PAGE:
In the last few weeks I've blogged quite a bit about Joe Lieberman, but gone whistling past the graveyard on Lincoln Chafee. I have no love for Chafee, but as long as he'll vote for a Republican Majority Leader, he's worth something. If you guaranteed me that Steve Laffey would win the Rhode Island general election, I'm sure I'd prefer him to Chafee, but if the choice is Chafee or a Democrat, I'll swallow hard and take Chafee.

That said, the Hotline has identified a great nugget about the upcoming Rhode Island primary: if the primary voters are more than 50 percent GOP, Chafee is a likely loser. With half Republican and half Democrat voters, Chafee barely ekes by:

The Big Number: 50
A new survey by the Bureau of Gov't Research Services at RI College shows that, should more than 50% of the primary electorate be made up of GOPers, Sen. Lincoln Chafee (R) is in danger of losing his seat to Cranston Mayor Steve Laffey (R). When a sample of GOPers is weighted at 60% GOP to 40% Independent, Laffey leads, 39% to 36%. But when the sample is made up of an even split between GOPers and indies, Chafee pulls it out by the skin of his teeth, 39% to 38%.

As we noted earlier this week, the Chafee camp's effort to convince Dems to switch their party affiliation to independent -- and thus be eligible to vote in the GOP primary -- may have paid off, as 14,500 Dems did, in fact, switch and become indies. In a state in which turnout for a GOP primary will likely be less than 45,000, those Dems -- more likely to vote for Chafee -- could save the race for him. In the same survey, 25% of RIers said they planned to vote in the GOP primary.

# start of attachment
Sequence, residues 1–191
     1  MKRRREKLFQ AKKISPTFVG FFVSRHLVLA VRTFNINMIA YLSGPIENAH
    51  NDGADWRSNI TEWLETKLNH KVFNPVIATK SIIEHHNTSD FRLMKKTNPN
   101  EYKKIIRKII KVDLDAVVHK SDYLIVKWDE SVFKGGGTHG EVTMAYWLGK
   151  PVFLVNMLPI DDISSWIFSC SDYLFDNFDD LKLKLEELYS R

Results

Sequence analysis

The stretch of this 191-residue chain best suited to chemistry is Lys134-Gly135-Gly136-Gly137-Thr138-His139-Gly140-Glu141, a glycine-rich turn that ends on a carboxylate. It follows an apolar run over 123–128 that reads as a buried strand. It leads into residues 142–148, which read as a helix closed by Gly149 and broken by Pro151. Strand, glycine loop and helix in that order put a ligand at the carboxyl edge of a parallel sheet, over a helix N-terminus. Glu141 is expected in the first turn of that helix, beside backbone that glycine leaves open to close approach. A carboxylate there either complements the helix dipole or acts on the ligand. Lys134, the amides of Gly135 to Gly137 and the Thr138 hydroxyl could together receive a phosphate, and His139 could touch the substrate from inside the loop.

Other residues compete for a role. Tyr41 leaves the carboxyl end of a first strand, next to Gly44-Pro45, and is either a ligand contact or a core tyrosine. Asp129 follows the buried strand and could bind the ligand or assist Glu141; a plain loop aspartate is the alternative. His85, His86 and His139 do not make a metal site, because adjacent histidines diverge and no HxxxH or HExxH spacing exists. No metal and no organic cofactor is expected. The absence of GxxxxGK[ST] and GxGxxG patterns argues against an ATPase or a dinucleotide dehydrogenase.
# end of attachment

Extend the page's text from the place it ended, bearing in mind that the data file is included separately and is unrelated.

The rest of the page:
We'd sure like to see the cross-tabs on that question. Just how many of those were Dems? [REID WILSON]

If you want to read coverage of Chafee and Laffey like I've been writing about Lieberman and Lamont, check out the Corner and Sixers. I think it's safe to say that the National Review folks are less enthused with Chafee than I am.

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Immigration CW Dead; Border Bill a Go

Just a few days ago folks were saying that it looked like an immigration bill was dead for the year, because Speaker Hastert wanted to stay away from an issue that divided Republicans. Well, as of this afternoon, it appears that Hastert has completed a 180.

National Journal (subscription required) reports that Speaker Hastert is committed to passing 'a strong border security bill:'

GOP Leaders To Outline Immigration Principles, Hearings